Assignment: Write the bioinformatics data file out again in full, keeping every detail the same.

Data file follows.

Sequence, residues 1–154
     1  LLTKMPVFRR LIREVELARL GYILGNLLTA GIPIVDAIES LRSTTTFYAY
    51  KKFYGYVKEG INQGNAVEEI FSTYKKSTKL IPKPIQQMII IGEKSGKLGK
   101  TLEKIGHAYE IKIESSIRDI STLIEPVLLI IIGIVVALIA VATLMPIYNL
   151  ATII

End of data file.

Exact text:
Sequence, residues 1–154
     1  LLTKMPVFRR LIREVELARL GYILGNLLTA GIPIVDAIES LRSTTTFYAY
    51  KKFYGYVKEG INQGNAVEEI FSTYKKSTKL IPKPIQQMII IGEKSGKLGK
   101  TLEKIGHAYE IKIESSIRDI STLIEPVLLI IIGIVVALIA VATLMPIYNL
   151  ATII